Imagine a genome as an instruction manual, each chapter detailing how to assemble part of a machine. During infection, these chapters tell the cell how to make an entire virus. As the virus replicates inside of a cell, it copies down this manual thousands of times and packages it into new virions which carry those instructions. During the copying process, however, mistakes happen.
Influenza virus, for example, makes approximately one error per new genome—that’s the equivalent to one miscopied word per new instruction manual. In a viral context, that miscopied word can have a big impact and result in the encoded machines severely malfunctioning. A virus can also swap out entire sections of its genome with other viruses of the same type, like swapping entire chapters of the manual. Usually, this is bad for the virus—the new parts don’t fit together and the virus can’t form a productive infection.
Sometimes, however, this works to the virus’ advantage. That’s how the swine flu outbreak occurred in 2009. By swapping sections of its genome, a virus can combine parts of machinery that fit different hosts and subsequently cross species borders, provided that these parts work together successfully.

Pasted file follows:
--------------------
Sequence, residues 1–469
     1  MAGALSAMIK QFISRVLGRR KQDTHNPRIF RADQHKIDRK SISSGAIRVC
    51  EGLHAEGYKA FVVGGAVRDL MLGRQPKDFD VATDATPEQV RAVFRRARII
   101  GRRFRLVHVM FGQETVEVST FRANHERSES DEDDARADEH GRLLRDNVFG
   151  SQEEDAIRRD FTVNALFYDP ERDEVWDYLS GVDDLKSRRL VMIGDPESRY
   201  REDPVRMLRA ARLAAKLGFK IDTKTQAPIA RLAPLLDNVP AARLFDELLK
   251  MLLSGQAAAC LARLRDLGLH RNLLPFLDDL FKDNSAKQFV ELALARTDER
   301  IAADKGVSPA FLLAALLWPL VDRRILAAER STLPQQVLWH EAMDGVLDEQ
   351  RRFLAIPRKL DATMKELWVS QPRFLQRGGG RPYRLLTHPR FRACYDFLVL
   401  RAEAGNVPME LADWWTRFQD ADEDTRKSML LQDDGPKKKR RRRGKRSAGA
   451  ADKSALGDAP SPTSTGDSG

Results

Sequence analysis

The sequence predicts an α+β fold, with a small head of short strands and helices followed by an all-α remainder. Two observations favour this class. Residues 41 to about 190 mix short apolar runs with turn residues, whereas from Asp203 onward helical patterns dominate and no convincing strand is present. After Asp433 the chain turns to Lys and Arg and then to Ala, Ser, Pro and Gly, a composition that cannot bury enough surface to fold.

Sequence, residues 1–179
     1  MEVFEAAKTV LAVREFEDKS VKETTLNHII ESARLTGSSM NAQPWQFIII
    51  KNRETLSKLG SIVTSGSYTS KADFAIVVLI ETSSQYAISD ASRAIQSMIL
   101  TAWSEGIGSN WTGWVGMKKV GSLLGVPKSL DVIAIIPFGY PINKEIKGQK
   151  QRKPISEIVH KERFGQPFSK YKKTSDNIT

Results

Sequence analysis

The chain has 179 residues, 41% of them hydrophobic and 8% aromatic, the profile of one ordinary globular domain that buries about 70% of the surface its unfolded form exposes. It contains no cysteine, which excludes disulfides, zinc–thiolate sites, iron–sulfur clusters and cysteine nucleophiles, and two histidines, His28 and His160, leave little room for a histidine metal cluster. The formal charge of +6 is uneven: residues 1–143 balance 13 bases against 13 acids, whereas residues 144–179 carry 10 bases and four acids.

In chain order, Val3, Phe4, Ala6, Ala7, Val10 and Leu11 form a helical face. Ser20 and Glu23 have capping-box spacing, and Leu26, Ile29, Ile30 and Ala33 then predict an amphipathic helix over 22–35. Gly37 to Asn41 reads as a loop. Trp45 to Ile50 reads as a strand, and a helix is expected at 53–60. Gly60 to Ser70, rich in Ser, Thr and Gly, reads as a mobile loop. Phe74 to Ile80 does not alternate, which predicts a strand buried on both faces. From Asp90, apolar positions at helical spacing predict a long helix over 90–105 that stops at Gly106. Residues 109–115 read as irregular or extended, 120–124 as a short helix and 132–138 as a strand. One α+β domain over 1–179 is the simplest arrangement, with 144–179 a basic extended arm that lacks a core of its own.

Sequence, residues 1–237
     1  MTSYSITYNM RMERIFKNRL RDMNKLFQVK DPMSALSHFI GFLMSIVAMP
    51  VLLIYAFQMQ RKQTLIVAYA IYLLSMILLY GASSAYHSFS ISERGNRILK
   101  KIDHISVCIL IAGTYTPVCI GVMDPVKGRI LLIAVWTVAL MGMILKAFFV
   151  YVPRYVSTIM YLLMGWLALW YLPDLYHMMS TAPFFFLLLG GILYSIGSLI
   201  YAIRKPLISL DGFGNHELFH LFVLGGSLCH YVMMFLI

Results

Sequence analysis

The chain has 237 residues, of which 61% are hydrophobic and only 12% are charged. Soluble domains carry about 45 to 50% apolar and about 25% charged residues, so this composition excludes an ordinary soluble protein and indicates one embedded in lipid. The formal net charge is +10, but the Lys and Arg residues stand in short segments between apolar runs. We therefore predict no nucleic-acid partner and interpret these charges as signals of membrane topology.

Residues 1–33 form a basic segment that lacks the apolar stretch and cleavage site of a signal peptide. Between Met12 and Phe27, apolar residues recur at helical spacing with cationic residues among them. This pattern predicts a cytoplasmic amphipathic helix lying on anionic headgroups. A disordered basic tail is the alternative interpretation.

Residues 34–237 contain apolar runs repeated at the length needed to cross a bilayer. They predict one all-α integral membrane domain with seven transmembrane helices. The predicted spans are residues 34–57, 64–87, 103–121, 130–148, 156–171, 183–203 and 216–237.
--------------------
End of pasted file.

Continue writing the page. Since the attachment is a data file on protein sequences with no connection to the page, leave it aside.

The mistakes made during replication, whether to a single piece of one protein or in exchange of entire sequences, are random. It’s difficult to know which viruses will evolve to infect new hosts and which species will be responsible for outbreaks.
Fliers and Fast Breeders
Many animal species harbor pathogens—some of which they live with and are largely unaffected by. A common example is bats.